Dowdy old Lisbon is finally coming alive, said Seth Sherwood in The New York Times. Known for its faded colonial-era charms, cable cars, and inexpensive seafood, Portugal’s capital city has emerged from the geographic, cultural, and economic margins of Western Europe to become its newest showpiece. “Avidly making up for lost time,” a rising generation of artists in all fields—theater, art, music, dance—is creating an edgy new metropolis “amid the time-worn monuments and quaint cobbled lanes.”

In the city’s Belém district sits the magnificent Mosteiro dos Jerónimos, a 16th-century Gothic monastery that flourished at the height of the Portuguese empire. But right across the street is Lisbon’s “boldest 21st-century bid to recapture some cultural prominence,” the year-old Berardo Collection Museum. Here you can see paintings by Francis Bacon; Salvador Dalí’s whimsical White Aphrodisiac Telephone, topped with a lobster; and Paula Rego’s hallucinatory The Barn, which depicts “two young girls gleefully whipping the exposed backside of a milkmaid.” The museum is also packed with works by such contemporary masters as Richard Serra and Nan Goldin. Closer to the center of town is the “emerging design district” of Santos, filled with galleries and shops. At Storytailors, a renovated 18th-century warehouse, trendily dressed customers resembling “coy Lolitas and escapees from the pages of Wuthering Heights” browse through a wide selection of hoop skirts, corsets, and richly patterned lace undergarments.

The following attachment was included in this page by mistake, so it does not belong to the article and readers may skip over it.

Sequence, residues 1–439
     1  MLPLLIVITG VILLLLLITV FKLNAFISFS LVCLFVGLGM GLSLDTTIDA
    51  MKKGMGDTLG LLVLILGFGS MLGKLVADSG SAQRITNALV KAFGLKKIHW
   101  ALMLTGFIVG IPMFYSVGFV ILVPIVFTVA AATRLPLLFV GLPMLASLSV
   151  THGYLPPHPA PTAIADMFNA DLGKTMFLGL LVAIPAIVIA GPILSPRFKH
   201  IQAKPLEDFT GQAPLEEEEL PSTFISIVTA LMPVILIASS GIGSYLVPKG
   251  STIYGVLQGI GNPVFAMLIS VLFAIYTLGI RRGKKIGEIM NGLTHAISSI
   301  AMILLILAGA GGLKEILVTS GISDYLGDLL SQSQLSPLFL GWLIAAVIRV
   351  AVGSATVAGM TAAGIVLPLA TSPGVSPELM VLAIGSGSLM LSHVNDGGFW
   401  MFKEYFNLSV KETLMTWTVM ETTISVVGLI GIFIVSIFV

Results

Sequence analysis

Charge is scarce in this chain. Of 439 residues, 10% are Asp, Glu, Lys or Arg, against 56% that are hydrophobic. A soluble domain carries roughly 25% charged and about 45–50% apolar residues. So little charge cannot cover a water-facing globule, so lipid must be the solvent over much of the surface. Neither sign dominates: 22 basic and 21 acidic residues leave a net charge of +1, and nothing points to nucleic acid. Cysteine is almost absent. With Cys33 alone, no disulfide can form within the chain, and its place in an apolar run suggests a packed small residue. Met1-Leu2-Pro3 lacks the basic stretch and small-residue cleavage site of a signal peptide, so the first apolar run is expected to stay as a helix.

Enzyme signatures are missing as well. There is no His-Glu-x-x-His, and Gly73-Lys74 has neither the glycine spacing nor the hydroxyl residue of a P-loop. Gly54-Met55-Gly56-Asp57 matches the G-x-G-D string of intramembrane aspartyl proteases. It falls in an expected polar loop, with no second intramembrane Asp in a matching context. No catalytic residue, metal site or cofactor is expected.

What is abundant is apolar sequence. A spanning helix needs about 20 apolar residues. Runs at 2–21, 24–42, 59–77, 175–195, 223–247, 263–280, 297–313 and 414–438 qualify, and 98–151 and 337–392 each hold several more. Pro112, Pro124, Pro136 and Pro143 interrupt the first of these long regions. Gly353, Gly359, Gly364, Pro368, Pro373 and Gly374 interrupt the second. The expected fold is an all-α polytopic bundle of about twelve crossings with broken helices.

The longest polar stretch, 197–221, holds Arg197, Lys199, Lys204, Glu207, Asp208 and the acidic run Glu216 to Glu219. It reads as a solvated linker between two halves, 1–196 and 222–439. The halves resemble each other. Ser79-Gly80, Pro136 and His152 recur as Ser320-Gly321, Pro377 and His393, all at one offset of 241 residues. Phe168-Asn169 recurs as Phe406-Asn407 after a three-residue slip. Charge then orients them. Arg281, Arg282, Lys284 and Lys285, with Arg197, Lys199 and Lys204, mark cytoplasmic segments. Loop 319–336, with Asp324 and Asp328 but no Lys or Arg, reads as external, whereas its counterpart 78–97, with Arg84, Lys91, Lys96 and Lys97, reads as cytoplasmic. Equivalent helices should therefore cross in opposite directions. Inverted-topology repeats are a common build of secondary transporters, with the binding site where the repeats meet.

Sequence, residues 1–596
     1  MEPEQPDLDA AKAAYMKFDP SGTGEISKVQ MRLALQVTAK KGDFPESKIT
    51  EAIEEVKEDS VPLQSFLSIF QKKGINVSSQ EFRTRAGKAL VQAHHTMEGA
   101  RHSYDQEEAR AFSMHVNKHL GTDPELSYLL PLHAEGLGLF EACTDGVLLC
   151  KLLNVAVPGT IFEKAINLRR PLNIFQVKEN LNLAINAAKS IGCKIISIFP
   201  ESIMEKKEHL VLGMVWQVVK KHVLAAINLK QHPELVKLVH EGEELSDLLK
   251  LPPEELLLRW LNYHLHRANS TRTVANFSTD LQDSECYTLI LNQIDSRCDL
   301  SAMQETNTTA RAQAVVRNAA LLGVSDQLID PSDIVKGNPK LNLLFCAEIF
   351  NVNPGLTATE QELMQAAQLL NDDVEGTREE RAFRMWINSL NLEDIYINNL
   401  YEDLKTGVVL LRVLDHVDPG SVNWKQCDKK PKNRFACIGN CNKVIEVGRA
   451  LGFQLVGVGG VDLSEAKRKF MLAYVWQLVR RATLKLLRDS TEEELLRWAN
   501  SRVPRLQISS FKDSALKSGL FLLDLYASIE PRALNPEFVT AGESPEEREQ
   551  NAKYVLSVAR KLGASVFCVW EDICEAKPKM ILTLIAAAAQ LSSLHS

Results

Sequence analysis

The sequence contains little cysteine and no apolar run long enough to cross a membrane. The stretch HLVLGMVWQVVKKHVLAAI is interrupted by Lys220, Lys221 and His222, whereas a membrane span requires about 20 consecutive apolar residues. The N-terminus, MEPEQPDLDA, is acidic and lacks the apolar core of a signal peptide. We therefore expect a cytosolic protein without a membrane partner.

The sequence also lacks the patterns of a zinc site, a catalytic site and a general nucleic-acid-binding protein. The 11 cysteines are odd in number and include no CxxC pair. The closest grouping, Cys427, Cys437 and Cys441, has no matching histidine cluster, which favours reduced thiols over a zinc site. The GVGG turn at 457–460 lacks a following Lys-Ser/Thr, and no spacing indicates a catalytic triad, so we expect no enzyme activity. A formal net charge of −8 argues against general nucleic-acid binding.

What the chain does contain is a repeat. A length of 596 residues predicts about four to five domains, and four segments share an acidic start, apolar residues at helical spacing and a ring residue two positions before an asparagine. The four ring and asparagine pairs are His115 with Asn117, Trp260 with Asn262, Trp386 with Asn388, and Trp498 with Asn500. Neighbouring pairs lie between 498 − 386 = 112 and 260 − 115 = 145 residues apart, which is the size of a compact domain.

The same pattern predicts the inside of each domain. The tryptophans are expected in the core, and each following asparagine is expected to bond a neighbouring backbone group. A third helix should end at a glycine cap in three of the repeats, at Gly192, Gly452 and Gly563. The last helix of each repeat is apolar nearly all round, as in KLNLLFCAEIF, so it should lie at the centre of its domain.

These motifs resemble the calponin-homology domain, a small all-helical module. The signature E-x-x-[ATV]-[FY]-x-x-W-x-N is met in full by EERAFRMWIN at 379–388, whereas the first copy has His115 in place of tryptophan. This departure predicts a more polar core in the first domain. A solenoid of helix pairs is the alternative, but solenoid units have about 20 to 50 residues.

As night falls, get a taste of contemporary Lisbon cuisine. Eleven, Lisbon’s first Michelin-starred restaurant, sits amid the manicured lawns of Parque Eduardo VII and “serves up flashy Portuguese-modern dishes” such as octopus terrine and black pork loin in red pepper crust. Terreiro Do Paço, located downtown, is known for its salt-cod carpaccio and pineapple–goat cheese ravioli. Most of Lisbon’s nightlife takes place at myriad bars and DJ lounges hidden among the winding lanes of the Bairro Alto and the Chiado districts. “Some of Lisbon’s most adventurous and alternative acts” can be seen at Cabaret Maxime, a former strip club. Among locals, the cabaret’s recent reopening served as a sort of benchmark for the city’s resurgence, and “the future appears even brighter.”